Calvin

N.

, Fredericksburg

, Virginia

, United States

Posted on
2020-02-25 12:20:33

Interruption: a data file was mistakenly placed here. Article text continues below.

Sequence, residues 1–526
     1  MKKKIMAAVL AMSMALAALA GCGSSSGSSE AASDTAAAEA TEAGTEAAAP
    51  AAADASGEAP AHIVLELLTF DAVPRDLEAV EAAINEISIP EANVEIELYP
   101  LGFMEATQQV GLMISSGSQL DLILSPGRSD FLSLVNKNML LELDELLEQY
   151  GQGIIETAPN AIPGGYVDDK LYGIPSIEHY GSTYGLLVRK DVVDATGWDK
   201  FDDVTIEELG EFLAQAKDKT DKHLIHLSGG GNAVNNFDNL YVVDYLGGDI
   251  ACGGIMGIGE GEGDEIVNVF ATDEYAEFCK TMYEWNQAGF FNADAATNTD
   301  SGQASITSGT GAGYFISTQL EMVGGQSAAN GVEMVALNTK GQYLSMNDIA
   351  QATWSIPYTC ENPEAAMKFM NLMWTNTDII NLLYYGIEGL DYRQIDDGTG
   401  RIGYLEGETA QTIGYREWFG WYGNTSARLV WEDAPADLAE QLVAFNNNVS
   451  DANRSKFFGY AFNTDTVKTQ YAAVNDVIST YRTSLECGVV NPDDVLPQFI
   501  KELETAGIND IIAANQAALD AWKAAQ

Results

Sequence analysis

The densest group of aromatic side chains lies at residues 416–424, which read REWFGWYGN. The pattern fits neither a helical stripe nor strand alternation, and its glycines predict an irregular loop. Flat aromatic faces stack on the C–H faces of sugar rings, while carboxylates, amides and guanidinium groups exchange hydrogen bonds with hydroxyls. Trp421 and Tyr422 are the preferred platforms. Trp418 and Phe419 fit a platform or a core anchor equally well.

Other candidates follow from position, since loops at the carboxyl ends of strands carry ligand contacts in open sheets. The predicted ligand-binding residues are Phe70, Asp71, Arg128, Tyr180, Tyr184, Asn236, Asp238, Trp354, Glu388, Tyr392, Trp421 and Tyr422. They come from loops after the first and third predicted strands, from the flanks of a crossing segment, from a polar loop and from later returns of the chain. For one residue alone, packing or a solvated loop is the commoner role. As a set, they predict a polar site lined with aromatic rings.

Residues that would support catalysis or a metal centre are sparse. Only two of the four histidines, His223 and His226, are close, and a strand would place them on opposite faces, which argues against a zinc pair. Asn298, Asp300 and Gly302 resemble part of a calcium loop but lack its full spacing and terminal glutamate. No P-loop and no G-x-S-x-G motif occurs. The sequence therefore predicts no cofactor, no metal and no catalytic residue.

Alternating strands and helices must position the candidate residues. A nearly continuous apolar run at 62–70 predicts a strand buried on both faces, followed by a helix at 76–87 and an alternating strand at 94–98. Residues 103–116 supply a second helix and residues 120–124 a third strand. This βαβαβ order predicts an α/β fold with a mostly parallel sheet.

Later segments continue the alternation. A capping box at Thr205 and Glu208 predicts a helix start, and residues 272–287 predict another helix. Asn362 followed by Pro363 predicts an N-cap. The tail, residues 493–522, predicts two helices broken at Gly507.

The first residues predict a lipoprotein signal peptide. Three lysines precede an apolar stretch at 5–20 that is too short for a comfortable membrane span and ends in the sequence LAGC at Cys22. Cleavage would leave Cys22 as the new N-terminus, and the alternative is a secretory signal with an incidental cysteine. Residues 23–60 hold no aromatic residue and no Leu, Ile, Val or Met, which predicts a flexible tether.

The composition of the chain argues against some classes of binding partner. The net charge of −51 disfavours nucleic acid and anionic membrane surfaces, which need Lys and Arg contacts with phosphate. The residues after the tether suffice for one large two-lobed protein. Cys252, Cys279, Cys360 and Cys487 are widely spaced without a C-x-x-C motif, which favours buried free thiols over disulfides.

“Flying model aircraft and multirotors has been very important to me and my family for a long time. I remember being a 10 year old kid when my Uncle bought me all of the parts to build my first RC airplane and taught me everything I needed to know to build it and fly it safely. From that day on I have been hooked. I have since been able to pass this love of RC flight down to my 12 year old brother and 5 year old daughter. All week my daughter looks forward to the weekend when she can put on her pair of FPV goggles to ride along with me as I fly around the family property and through the woods around my grandparents house with my homebuilt FPV racing drone. She loves it, she says she feels like a bird flying around through the trees, and she can’t wait until she is old enough to help build her own mini drone and learn to fly it herself one day. Today though, I fear she may never get the chance to realize that dream. If the proposed Remote ID rules were to be passed as they are written in the current proposal, it would undoubtedly kill the hobby as we know and love it today, not to mention violate the privacy and safety of UAS pilots in the United States. Below are my views and findings on the subject, I hope they will be helpful in refining the idea of Remote ID and moving forward with rules that help to maximize safety in a way that will not destroy this great hobby and hurt those of us who have been safely enjoying it for generations. According to data provided by the FAA, there are currently over 1.3 million recreational UAS in operation today in the US. Flying recreational RC aircraft is a hobby that has been around for a long time, and in that time has proven to be extremely safe. According to information released during a freedom of information act request by the FPV freedom coalition, between 2013 and today there have been only 14 recorded incidents involving recreational UAS. Of those 14 incidents, none resulted in death or damage to manned aircraft. Remote ID as currently written would regulate recreational UAS more heavily than recreational manned aircraft, which are responsible for an average of 400 deaths per year in the US. Although there has been no proper risk assessment performed (as is required according to US lawmaking guidelines) before these proposed rules were drafted. There was a study performed by the FAA’s own Aviation Rulemaking Committee (ARC) which recommended that hobby UAS be exempt from remote ID due to their long record of safety among other reasons, but it seems that those findings have been largely ignored in this set of proposed rules. A major concern I feel the need to express is regarding the rule that states that the location of the ground station (pilot) is to be available to the general public. I have spoken to many people who have told me first hand accounts of instances where UAS operators were subjected to altercations, both verbal and physical, due only to the fact that they were flying a drone. This happened while they were flying the drone legally, and in some cases the operators were actually commercial pilots on the job at the time of the incidents. Even more accounts can be found online via a quick google search, you can even find some videos of these kinds of things happening. There have also been numerous reports of drones being shot at with firearms. I shudder at the thought of what could happen when those people, who clearly have no regard for the safety of others due to the fact that they are shooting up into the air not knowing where the bullets will come back down, are provided the location of the pilots of those drones. I can only see bad things coming from that. This rule would provide the location of pilots and their expensive equipment to anyone who might want to cause harm to the pilot or steal their equipment. The location of the ground station and pilot should absolutely not be made available to the public. This was also recommended by the ARC. The NPRM as currently written is extremely restrictive and I believe it to be a major privacy and safety violation. We need to eliminate the requirement of internet based Remote ID. If broadcast based RID is good enough for areas of no coverage, then it is good enough for use all the time. This would eliminate the unnecessary added costs and privacy concerns. All data required to be broadcasted to law enforcement can be broadcasted from the UAS via local broadcast ID instead of over the internet. Almost all current, homebuilt UAS could be retrofitted with a hardware module which would handle the RID Broadcast. This module could be an add on component produced by an FAA authorized manufacturer with a burned in serial number that can be registered and broadcasts the required information. This module would be registered to the pilot and should be allowed to be moved between all of the pilots aircraft, whichever one they are currently flying at the moment. This would also eliminate a very large compliance issue at the same time as saving pilots thousands of dollars by being able to continue using existing UAS by retrofitting them with hardware modules which would make them compliant. There should be exceptions for non-autonomous UAS as recommended by the ARC. Non-autonomous UAS should be allowed to fly within VLOS in uncontrolled airspace without remote ID (broadcast ID). If the operator of said non-autonomous UAS would like to fly within controlled airspace, they could submit a LAANC request as this is what LAANC was designed for and has worked very well thus far. Said pilot could also be required to enable his/her Broadcast ID module if deemed necessary, such as for BVLOS flight. This would eliminate the need for FRIAs and more importantly, recreational UAS operators would be allowed to continue flying our home built UAS as we have been doing for so many years without issue. Also, the registration weight limit should be increased from 250g to 1Kg. Both of these changes would also greatly increase the amount of compliance. Under the NPRM as it is currently written, there would no longer be a free way to fly. For example, I would not even be able to fly on my own property without being charged fees to do so legally. This is not right, and will never work. It will be a major contributing factor to mass non-compliance and to the failure of the rules as a whole. Instead of requiring all pilots to use Remote ID (broadcast ID), I believe the FAA should create a provision for shielded operations, where pilots who are flying within 100 meters of, and no higher than the height of surrounding obstacles such as trees in non-controlled airspace are not required to take part in broadcast ID. These types of flights are of no way a danger to manned aircraft because manned aircraft would never be flying that low. This would exempt any recreational UAS from any remote ID (broadcast ID) requirements when the following criteria are met: When the operation takes place in any airspace where it is safe to fly that is not controlled airspace (over air traffic controlled airspace). When the operation does not exceed an altitude of 50 feet higher than the tallest object within 1000 lateral yards of the location of the operators ground station. Low Altitude and Authorization and Notification (LAANC) approval would be required in controlled airspace. Shielded operations have worked well in places such as New Zealand for some time now and I believe it would work well here in the US for a large number of recreational pilots such as myself who primarily fly FPV drones and almost never fly higher than the trees, or other obstacles. I believe that LAANC should be expanded from controlled airspace to all airspace. LAANC currently works well, and if expanded, would be a much better option than remote ID. Expanded LAANC would meet the FAA goals of knowing where UAS are in the airspace, while not presenting all of the issues of the current remote ID proposal. It would cost less, and would have a much higher compliance rate due to the fact that all existing aircraft would be able to continue to be used. I think it is safe to assume that everyone who flies UAS also owns a cell phone, which means they already have the equipment needed to use LAANC. Expanded LAANC could be combined with broadcast ID for all BVLOS and Autonomous operations to give a complete picture. This would provide all of the information that the FAA wants from remote ID in a much cheaper way that would not pose such extreme privacy concerns and many more people will be able to comply with. One of the most, if not the most concerning parts of the existing NPRM is the fact that we hobbyists would not be allowed to continue building our own aircraft out of parts purchased separately. Flying the aircraft we build is only the final and most superficial part of the hobby as a whole. Model aviation includes aeronautics, electronics, mechanics, computing, programming as well as other disciplines. The value of model aviation is not just that it allows people to fly radio controlled aircraft, the value of model aviation is also that it teaches people to design and build aircraft. The NPRM takes the core of model aviation, the designing and the building, away from the individual hobbyist. The value that will be lost if the NPRM is implemented as currently written is immense. For a very large number of us, a very large and important part of the enjoyment of our hobby is being able to choose different parts for our builds in order to make the aircraft perform differently or to fit our budget. I personally have built approximately 20 multirotor aircraft, and approximately 10 fixed wing and rotary wing aircraft before that. One of the reasons why I have found myself building more multirotor aircraft than fixed wing aircraft lately is because of the large amount of options available to design the aircraft to meet my goals. I select the parts which will allow the aircraft to meet the operational requirements that I have chosen, I then assemble the aircraft myself, soldering all of the connections to the electronics by hand. I program the flight controller and other electronics via software on my computer, then I perform flight testing in my backyard so that I can adjust parameters to ensure the aircraft is operating safely and with the best performance possible. I am not a minority in this way of doing things. Millions of others like myself design and build their own aircraft every day. The self design and construction of these aircraft has taught me countless skills in the areas of engineering, aerodynamics, electronics, radio technology, and much more. Furthermore, many engineers, pilots and astronauts credit model aviation with inspiring them into those professions. Certainly not the only, but maybe the most well known of these people, was also the first man to walk on the moon. Neil Armstrong built and flew model aircraft as a kid, all throughout college, and as an adult. In a letter to John Worth, the Executive Director to the AMA (Academy of Model Aeronautics), Mr. Armstrong wrote: “My model building and flying activities significantly contributed to my interest in aeronautics and was a primary force in directing my education toward aeronautical engineering.” I believe this is a very powerful message coming from the first man to walk on the moon, and who is regarded by many people around the world as a hero. If the model aviation hobby was not available to young Neil armstrong when he was young, he may have never gained the interest and drive which led him to follow the path that he did, The path that led him to one day make history as the first man to walk on the moon. The NPRM as currently written would make it impossible for education programs such as STEM to continue teaching much of what they do today and have done safely for generations, denying future generations an invaluable resource of learning and inspiration. The solution I propose to this issue is to create an exemption for non-autonomous homebuilt aircraft. (those which are controlled by a human pilot and do not fly on a pre-programmed flight path). This was suggested by the ARC and would allow people like my kids and I, as well as schools to continue designing building and flying model UAS as we have done safely for many many years. This would also allow future engineers, pilots and astronauts to continue to be provided the resources that will inspire many of them into such professions. Without the resource of model aviation as we have it today, many of these future pilots and engineers may never have that inspiration, and in turn never pursue the path and realize those goals. This would undoubtedly put the United States at a large disadvantage in the future as it would severely shrink the number of engineers and pilots in the country in the coming years. As existing professionals retire, there will be less and less new ones to fill their places. The NPRM as currently written would also remove an invaluable resource from law enforcement who rely on highly skilled and knowledgeable hobbyists to stay on the cutting edge of drone technology and development in order to maximize the safety of their officers as well as the public. Recently I had a conversation with a Sergeant of the local Sheriff’s office in the county where I live. During our conversation the Sergeant described a program they are currently implementing which involves a member of their SWAT team who is also an active recreational FPV (First Person View) drone pilot when he is not on duty. The SWAT officer has used off the shelf parts along with his extensive working knowledge of drones to design and build purpose built mini drones. The mission of these drones is to be able to fly through a softball sized hole in a window, or small opening in a doorway while being controlled by the officer remotely via First Person View goggles in order to evaluate situations before the entry team is sent into a house or other potentially dangerous location. This program not only dramatically improves the safety and situational awareness of the SWAT team itself, but also any potential hostages or other civilians involved. This type of program would never be possible without the knowledge gained by this officer in his time spent off duty participating in the drone and model aviation hobby. The FRIA provision would not be an adequate solution to allowing homebuilt aircraft as many people do not live anywhere near what would be a FRIA. Also, the FAA directly states that FRIAs are designed to disappear over time, which will eliminate the possibility of home built aircraft altogether. The single most important thing I ask the FAA to consider is a mechanism which allows amature built aircraft to be flown legally in any area where it is safe to do so, not just at FRIA locations or other such approved locations. Another major problem with the rules as proposed, which relates to the above paragraph, is that the path to retrofitting existing aircraft is very unclear. No existing UAS meets the specific serial number format requirements because that format does not currently exist. There is no explanation of how this will be handled regarding retrofitting these existing UAS to meet the proposed requirements. The best solution I see to this issue is either to remove the ANSI serial number requirements, or change it so that we are able to retrofit existing models with a hardware retrofit module, or to grandfather in all existing models. The cost of the paperwork and process in order to receive approval for a remote ID system by manufactures would be over $20,000. Many manufactures would not be able to afford this, and would be forced out of business, which would mean hundreds if not thousands of people would lose their jobs. While some companies may be able to afford this, the cost will be passed down to the customer, drastically increasing the cost of UAS to the point where many people like me could no longer afford to buy them. Losing manufactures in the industry would also cause a stagnation of innovation due to the lack of competition, as well as give the surviving companies another reason to be able to raise prices. Not to mention the fact that all US parts and kit retailers would be at a major disadvantage to all foreign sellers, which would undoubtedly cause even more jobs to be lost. The solution to these problems would be to remove the internet requirement, which would make compliance much easier and less expensive, which would make it more achievable and better for all parties. Most UAS out there today would already meet requirements which means compliance would be very high from day one, instead of starting at virtually zero and staying very low as I foresee happening if the network requirements are not removed. Also relating to the issues presented by the network requirements is that the definition of “when the internet is available” is not provided in the NPRM. What happens in a situation where a pilot technically has internet coverage, but the signal is so weak it is impossible to upload or download any data? As currently stated, the pilot would be grounded, which does not make sense. The solution to this issue is again, to remove the internet requirement and use only broadcast ID. I see the act of phasing out FRIAs as a concerning issue. In the NPRM the FAA states that they intend to completely phase out FRIAs. Without a realistic path of retrofit for existing models, this will force a large portion of the population out of the hobby. It is stated in the NPRM that the average lifespan of a UAS owned by Community Based Organizations (CBO) members is 10 years, which I do not necessarily agree with as I own a number of models that were built almost 20 years ago and still operate perfectly to this day. Keeping the lifespan of 10 years for simplicity’s sake, the FAA plans on phasing out FRIAs long before these 10 years have passed. This will essentially deem a very very large number of UAS (almost all of them in operation today) unusable well before their lifespan has expired, essentially turning them into very large and expensive paperweights. Hobbyists by and large want to fly safely and comply with the law, but what will happen in this case where only viable options that people are given are to either give up the hobby altogether, or break the rules? Many people will simply disregard the rules, they will continue flying their old aircraft as they always have which will cause remote ID to fail entirely. Because the NPRM is so overly restrictive, it will encourage a culture of noncompliance and resentment against the FAA. The solution to this is to create an exemption for home built UAS, eliminating the need for FRIAs altogether and allowing hobbyists to continue building and flying model UAS safely as we have done for many years. I also believe the idea of an expanded LAANC-like system would work well, especially for BVLOS flight. Remote ID can only work if the majority of UAS operators are on board with it. As the NPRM is currently written, it removes at least 80 percent of all UAS operators from the picture. If we do not have a plan that works well for everyone in every part of the hobby, Remote ID will fail entirely because those operators who are discriminated against by these rules will simply disregard them. I know from speaking to local law enforcement personally that they have more important things to worry about than spending time going around looking for hobbyists who aren’t complying with rules like these, so the rules won’t be enforced and again, they will fail. In the NPRM there is no provision for indoor flight. Myself as well as many others across the country often attend indoor flight nights and similar events held at local school gymnasiums, skating rinks and other large open indoor locations, even our own houses with tiny indoor micro drones. The NPRM would make this impossible due to the fact that GPS signal is not available indoors, therefore no remote ID compliant aircraft would be able to operate in the venues used for these events. Recreational UAS pose no threat to the public or manned aircraft while flying indoors, while separated from all manned aircraft by walls and a roof. If the NPRM were to be passed as is, it would eliminate any possibility of all events like these. The solution to this issue is to eliminate the remote ID requirement and instead implement an extended LAANC type system with broadcast ID made available as an option for pilots who intend to fly BVLOS. A serious issue that was not talked about in the NPRM is the potential for nationwide grounding of UAS in the event of an outage of the network or USS. If the internet requirements are not removed from the rules, it would be possible for an attack such as a DDOS (Dedicated Denial Of Service) attack to shutdown all USS providers for potentially large amounts of time. This is just one example of many possible causes of the USSs going down which would ground all UAS under standard remote ID. The solution to this issue is, again, to remove the internet requirement and replace it with an expanded LAANC system, Shielded operations and the option of broadcast ID for BLVOS flights. The question has been raised regarding whether or not people who possess certain waivers should be required to comply with Remote ID before it is enacted to everyone. The simple answer to this question is no. Without a clear path to retrofit, this would not even be possible. If the retrofit issue is resolved by implementing changes such as the ones I detailed above, then early adopters could gain approval for waivers earlier on. This could act as an incentive for any operators seeking this type of special permissions to become early adopters which would help speed up the compliance process further. In the NPRM it is stated that USS may be allowed to discriminate based on the type of aircraft. By UAS manufacturers becoming USS, they could decide to only allow UAS from their brand onto their USS. For those of us who own multiple different UAS from multiple different manufactures it would mean that we would need to register with multiple different USS providers which would cause us to have to pay for multiple different plans, which would cost much more per month than the figure stated in the NPRM. This could also mean that the manufactures can restrict which USS aircraft they manufacture are able to connect to, essentially forcing the user to pay for their USS. This would present all sorts of problems and honestly does not make sense for the hobbyists. The solution to this problem is again, to remove the internet requirement altogether. This will eliminate the need for the USSs, eliminate the monthly fees associated with the USSs and through broadcast ID and LAANC, the FAA and law enforcement will still have access to the pilots and UASs information. The sources used in this NPRM in order to justify many of the proposed rules are unfounded or nonexistent. Some examples are: In the NPRM it is stated “On average there are 6 sightings of UAS conducting unauthorized operations each day”. – Source: None, no source was cited to prove this as fact. FAA reported that there were drones 10 miles from Newark Airport in 2019, when you follow the link that the FAA provided to describe the event, the drones in question were not 10 miles from the airport, they were actually 20 miles away at Teterboro airport which is a class D airport and is in LAANC which means that you are allowed to fly there under LAANC. The reports that there were drones near Newark were never actually confirmed, no further information was collected. The fact that the decision was made to shut down the Newark approach was an overreaction and mistake on the part of whoever made that decision. in reality there were never any UAS sightings anywhere near Newark itself. Gatwick Incident. The FAA quotes the Gatwick incident, there is still no proof that this ever happened. The article quoted in the NPRM states that two people were arrested in this case, but when you follow the story, the two people that were arrested were later released because it was found that they had no part in the incident. Of the dozens”